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Old 07-27-2010, 07:10 PM   #1
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Default Rewiring a 1950's fridge ... or "I hate 'lectricity!"

So, I've had this fridge for several years. It's a 1952 Coldspot that belonged to my wife's grandfather. When we were moving him out of his house, he told me I could have the fridge in the basement. It was dingy, he'd painted it with housepaint one or so times, and hadn't been defrosted in about twelve years. The freezer (single door, internal freezer compartment type) was nearly a solid block of ice, so I knew the thing worked. When I unplugged it, the electrical cord came apart in my hands, it was so dryrotted! *YIKES!*

But we let the ice thaw, dried it out and moved it into my basement. Over the years, I pulled out the shelves, sanded off the paint and some rust and gave it a quick spray with some rustoleum. It's sat in the basement untouched for a while now.

Now that I'm stepping toward kegging, I want to do something with it. It's still an eyesore and I'll have to restrip, properly deal with the rust, and repaint it some day. For now, I want to rewire it. From my memory, it looked like the cord was simply screwed into terminals on the compressor unit. No ground.

Home Depot sells appliance cords for replacements. I figure I can just buy one and put it on. I don' thave a whole lot of electrical experience beyond changing out switches and installing lights. What do I need to be aware of? Is polarity a concern? I'm assuming the new cord will be labeled as far as which lead goes to which blade on the plug. I'm hoping the contacts on the compressor are labeled. But houw would I tell otherwise?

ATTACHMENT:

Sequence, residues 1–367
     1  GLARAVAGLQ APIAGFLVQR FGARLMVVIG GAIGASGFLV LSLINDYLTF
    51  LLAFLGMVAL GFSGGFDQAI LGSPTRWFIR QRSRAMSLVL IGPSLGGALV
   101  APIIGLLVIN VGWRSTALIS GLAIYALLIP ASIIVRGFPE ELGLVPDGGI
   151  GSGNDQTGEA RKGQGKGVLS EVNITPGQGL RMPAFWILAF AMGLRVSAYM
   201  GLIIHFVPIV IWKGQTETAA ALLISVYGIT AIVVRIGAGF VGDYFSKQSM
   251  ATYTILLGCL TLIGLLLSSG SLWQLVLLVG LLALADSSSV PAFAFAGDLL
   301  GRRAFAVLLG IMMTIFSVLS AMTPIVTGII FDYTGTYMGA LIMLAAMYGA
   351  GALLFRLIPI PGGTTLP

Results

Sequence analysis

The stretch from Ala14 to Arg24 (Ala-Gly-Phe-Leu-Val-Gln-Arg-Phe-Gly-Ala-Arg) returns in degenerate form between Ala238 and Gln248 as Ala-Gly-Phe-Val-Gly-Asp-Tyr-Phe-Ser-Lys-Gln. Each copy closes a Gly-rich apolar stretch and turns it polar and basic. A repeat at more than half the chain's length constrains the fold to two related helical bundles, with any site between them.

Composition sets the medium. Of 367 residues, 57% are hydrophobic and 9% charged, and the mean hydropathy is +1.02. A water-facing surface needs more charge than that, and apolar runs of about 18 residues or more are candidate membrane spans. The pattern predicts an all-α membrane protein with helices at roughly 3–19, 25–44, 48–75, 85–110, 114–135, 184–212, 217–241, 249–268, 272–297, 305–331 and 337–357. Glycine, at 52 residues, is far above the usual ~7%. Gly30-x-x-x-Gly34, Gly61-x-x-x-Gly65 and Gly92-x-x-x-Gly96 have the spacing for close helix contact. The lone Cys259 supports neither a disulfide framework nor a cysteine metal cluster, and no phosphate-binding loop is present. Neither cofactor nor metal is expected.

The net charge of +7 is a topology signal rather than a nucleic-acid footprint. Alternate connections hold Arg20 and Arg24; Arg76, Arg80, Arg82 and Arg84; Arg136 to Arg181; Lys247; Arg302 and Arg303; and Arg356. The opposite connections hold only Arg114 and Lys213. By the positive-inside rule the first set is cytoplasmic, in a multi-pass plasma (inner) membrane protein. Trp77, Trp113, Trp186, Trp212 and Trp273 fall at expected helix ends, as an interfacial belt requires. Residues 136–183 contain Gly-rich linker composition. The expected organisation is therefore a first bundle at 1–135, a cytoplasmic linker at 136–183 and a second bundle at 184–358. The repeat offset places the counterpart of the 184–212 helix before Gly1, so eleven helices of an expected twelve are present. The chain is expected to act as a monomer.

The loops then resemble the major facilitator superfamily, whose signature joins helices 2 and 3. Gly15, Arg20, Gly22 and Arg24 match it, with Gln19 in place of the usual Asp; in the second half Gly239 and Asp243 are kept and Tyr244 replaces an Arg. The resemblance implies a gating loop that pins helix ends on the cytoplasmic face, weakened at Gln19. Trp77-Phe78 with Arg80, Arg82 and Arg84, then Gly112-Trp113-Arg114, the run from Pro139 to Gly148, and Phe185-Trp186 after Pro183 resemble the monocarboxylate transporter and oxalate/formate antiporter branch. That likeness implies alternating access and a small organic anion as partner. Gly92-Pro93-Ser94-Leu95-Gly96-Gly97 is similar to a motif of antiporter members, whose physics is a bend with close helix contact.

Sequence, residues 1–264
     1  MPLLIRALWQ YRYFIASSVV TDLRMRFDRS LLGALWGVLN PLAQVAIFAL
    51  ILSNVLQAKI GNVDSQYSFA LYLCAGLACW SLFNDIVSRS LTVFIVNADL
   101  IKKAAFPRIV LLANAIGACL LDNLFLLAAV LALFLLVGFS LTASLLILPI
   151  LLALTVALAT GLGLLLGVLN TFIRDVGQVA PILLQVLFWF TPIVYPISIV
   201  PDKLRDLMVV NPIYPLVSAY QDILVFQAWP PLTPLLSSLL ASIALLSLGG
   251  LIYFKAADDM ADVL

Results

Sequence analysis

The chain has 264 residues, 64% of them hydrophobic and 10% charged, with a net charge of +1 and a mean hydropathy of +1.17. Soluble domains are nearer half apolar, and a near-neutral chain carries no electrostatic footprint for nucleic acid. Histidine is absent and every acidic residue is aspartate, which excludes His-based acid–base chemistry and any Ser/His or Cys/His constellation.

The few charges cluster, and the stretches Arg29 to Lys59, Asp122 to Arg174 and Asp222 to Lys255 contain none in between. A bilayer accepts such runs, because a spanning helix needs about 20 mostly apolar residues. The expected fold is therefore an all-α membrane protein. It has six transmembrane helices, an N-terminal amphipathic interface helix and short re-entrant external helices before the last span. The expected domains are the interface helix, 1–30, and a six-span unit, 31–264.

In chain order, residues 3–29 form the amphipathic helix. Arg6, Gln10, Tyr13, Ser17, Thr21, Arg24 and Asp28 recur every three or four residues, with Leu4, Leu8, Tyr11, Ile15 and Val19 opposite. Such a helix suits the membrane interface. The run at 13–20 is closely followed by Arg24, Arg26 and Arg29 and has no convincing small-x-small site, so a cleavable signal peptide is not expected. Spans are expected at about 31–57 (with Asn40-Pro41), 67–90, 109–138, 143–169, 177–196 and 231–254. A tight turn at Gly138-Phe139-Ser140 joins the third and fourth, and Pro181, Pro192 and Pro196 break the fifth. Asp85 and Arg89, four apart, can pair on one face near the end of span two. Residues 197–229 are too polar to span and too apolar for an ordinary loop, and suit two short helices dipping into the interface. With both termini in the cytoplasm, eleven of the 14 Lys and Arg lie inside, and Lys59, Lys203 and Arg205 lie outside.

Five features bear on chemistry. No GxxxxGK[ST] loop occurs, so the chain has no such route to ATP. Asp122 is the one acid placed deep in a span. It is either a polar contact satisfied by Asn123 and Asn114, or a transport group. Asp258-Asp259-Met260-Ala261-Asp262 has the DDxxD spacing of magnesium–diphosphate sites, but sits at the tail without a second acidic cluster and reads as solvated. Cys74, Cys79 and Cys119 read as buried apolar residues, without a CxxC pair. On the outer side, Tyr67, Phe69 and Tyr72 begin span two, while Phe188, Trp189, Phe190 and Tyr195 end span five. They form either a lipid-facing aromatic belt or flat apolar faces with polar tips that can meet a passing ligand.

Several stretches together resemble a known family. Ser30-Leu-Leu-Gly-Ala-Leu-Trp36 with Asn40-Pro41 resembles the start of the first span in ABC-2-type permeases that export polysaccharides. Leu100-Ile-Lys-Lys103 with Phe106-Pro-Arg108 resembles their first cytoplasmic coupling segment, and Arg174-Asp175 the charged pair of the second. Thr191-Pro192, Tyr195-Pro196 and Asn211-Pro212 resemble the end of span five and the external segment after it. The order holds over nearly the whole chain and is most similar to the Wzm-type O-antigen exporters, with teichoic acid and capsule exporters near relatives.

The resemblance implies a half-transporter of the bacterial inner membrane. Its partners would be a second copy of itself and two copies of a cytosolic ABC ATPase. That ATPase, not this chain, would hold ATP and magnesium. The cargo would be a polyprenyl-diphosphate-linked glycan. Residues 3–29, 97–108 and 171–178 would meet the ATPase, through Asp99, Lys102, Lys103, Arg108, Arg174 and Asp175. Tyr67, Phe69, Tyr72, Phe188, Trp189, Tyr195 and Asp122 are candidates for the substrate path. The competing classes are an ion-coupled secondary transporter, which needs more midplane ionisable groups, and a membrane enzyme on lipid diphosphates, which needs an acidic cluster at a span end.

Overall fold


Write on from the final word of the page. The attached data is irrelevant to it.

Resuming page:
As far as the ground. So do I just drill a hole in the frame somewhere and put a ground screw?

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Old 07-27-2010, 08:36 PM   #2
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Pics!!!!!!!!!

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Old 07-28-2010, 12:18 AM   #3
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I am not an electrician so FWIW I'd drill a hole in the frame or look for an existing screw/bolt. However I would be concerned about the other wiring in the unit if the main cord fell apart in your hands. At least try inspecting as much of the wiring as you can prior to going live.

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Old 07-28-2010, 01:07 AM   #4
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Well, I took some photos and spun the fridge around to get shots of the back. There was a plastic cover I'd never removed before, so I unscrewed it and looked inside. EEK!

There's a light in the fridge, which explains where the other leads go.

I may be in over my head here.













You can see that her grandfather spliced this SEVERAL times.





And, the rat's nest





So, anyone know of an antique appliance restoration shop?

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Old 07-28-2010, 01:14 AM   #5
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Not sure what I'm looking at in the last pic, but two wire A/C is hot and Neutral. The hot lead is generally Black the Neutral White. Since there is no polarity with this plug and in 1951, there was no ground or standard polarized outlet, I would say it doesn't matter where the Black or White leads are connected. Use your best guess. Attach no green ground wire, as this may cause issues with GFI circuits which may be part of the receptacle string you're plugging into.